In the past the Aerospace industry and the Nuclear Navy believed they
could design to zero defects. It wasn't until much money was spent
that the powers that be realized that a goal of zero defects was
impossible. One could only design and produce a product that would
fail with low probability.
How low the probability depended mostly on how much you cared to spend
to achieve it.
The original philosophy was that one determined hard and fast failure
limit. If one designed below that point, no failures would result.
Unfortunately, this completely goes against mother nature who permits
successes and failures which are distributed across a spectrum of
We had a particularly vexing problem with a number of units which
should not have failed under the old philosophy but did. It wasn't
until enough data was accumulated that one could determine that they
were indeed part of a normally distributed failure profile.
Today people seem to believe (and expect) that absolute safety and
zero percent failure rates are achievable. Also products which have
vanishingly small failure rates such should be cheap. Mother nature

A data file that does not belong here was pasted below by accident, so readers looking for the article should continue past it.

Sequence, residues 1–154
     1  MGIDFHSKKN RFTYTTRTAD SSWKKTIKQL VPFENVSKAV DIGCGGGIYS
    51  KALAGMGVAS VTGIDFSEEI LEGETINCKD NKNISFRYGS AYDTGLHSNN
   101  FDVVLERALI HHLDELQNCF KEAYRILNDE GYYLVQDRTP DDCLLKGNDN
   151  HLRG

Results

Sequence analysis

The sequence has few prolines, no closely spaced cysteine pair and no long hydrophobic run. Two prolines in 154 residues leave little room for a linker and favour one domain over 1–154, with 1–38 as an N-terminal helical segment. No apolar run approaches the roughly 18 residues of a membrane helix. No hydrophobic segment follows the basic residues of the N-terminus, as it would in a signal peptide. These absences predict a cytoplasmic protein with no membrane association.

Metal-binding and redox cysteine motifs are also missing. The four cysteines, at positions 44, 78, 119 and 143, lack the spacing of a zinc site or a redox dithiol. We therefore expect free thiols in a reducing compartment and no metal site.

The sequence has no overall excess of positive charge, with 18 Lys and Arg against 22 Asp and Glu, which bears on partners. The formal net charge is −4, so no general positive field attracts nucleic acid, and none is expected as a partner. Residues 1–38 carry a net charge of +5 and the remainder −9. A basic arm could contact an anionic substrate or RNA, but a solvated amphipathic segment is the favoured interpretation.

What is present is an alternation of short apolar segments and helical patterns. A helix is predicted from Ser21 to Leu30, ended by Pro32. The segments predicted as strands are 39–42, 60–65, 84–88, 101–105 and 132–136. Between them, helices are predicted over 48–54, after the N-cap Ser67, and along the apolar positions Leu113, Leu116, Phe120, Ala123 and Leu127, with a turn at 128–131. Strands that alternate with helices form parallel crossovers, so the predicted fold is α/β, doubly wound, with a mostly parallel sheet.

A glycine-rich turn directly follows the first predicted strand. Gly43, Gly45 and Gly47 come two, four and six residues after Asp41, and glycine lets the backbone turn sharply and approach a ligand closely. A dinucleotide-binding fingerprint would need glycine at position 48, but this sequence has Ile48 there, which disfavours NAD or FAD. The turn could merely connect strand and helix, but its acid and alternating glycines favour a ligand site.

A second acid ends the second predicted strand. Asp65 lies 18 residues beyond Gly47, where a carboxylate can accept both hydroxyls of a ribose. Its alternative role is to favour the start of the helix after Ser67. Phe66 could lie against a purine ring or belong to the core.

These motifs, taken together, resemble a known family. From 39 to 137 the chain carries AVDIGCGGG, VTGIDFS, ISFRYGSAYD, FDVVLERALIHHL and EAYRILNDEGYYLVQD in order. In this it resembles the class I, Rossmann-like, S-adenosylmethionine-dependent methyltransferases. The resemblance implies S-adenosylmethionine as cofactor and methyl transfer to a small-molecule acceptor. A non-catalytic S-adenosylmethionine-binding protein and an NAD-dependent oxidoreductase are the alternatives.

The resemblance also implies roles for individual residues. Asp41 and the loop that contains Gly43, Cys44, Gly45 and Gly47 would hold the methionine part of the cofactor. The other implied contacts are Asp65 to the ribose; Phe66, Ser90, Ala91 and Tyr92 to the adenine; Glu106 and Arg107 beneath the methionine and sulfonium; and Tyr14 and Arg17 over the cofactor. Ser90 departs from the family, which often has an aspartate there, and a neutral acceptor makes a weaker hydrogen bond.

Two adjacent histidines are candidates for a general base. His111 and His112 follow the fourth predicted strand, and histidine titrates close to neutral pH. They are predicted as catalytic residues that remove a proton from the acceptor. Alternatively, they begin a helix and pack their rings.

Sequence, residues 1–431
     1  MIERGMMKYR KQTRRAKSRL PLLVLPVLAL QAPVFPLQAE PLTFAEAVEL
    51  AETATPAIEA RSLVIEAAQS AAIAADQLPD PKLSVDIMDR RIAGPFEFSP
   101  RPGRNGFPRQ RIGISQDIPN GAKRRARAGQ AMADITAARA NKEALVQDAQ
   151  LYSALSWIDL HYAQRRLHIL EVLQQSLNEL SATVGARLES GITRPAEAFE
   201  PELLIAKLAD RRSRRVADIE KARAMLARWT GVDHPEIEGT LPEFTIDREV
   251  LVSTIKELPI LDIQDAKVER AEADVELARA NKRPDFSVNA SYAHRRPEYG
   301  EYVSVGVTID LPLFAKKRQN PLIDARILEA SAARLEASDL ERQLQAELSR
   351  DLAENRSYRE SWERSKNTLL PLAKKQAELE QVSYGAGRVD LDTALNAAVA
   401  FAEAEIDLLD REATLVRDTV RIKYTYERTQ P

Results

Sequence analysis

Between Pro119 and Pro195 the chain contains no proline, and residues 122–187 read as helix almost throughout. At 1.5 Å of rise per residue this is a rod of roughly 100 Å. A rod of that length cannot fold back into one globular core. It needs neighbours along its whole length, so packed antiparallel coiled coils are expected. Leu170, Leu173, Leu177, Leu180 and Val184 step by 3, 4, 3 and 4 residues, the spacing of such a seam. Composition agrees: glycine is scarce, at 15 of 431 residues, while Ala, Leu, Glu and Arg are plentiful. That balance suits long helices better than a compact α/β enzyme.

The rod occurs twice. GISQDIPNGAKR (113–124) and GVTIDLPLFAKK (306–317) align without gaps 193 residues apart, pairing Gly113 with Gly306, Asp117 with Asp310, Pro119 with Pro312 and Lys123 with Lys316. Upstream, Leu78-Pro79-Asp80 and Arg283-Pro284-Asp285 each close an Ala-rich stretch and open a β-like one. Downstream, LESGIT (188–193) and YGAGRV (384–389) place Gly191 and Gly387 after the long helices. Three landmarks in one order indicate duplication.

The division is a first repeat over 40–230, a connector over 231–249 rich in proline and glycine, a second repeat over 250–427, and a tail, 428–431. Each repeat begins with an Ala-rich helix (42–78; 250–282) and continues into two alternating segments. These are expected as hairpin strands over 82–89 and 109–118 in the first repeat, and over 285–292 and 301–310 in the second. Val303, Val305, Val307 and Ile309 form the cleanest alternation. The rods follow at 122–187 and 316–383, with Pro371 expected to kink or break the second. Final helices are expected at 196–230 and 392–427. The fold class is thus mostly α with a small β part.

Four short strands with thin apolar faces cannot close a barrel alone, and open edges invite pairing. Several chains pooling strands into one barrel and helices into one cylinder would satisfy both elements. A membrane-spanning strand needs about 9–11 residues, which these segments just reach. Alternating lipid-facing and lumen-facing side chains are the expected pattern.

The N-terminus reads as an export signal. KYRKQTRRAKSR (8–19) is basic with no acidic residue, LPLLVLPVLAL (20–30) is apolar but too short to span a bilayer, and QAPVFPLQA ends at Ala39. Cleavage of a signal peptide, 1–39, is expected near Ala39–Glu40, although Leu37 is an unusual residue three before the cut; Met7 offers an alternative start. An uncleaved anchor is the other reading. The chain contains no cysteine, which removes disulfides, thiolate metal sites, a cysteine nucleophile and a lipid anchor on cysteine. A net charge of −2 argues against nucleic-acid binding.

73 de Brian/K3KO
Andrew Williamson wrote:
> In message <005f01c0b793$06b3dc20$0300a8c0@cruncher>, Guy Olinger, K2AV
> <email@example.com> writes
> >F12 is making those antennas hand over fist. C3SS and Z3's are the big
> >sellers. I can count the dropped piece accounts here (not to discount
> >them at all) on my fingers. F12 has what, ten thousand, twenty thousand
> >antennas out there? I have heard a lot more stories about F12 surviving
> >bad ice loads and springing back to original form.
> That's like taking a census of 100 people, getting two negative
> responses and then saying that only two people in the entire population
> has this opinion (instead of 2 per cent).
> F12 may have 10-20,000 antennas out there, but there are only 1500 or
> 1600 people on this reflector (correct?). Of those, lets be generous
> and say a quarter have a F12 antenna (I doubt if that many have). So,
> out of that sample of 400 F12 owners we are seeing up to 10 failures. A
> 1:40 failure rate doesn't really inspire confidence. And, I would say
> that the people on this reflector are probably the more competent
> antenna builders (they certainly have an above average interest if they
> are here).
> I have personally only seen four installed F12 antennas and three of
> those have had failures of one type or another. The one that hasn't
> failed is a C3(something) at about 35ft. The ones that have failed are
> a Magnum340, a 5BA and a C4-something. From that, I *could* say that
> 3/4 of F12 antennas will fail, but that would be a pretty stupid
> statement as it's not true. To get accurate results, you need a larger
> Andrew Williamson GI0NWG / AC6WI
> Homepage = http://www.gi0nwg.freeserve.co.uk/
> One of the ZL9CI gang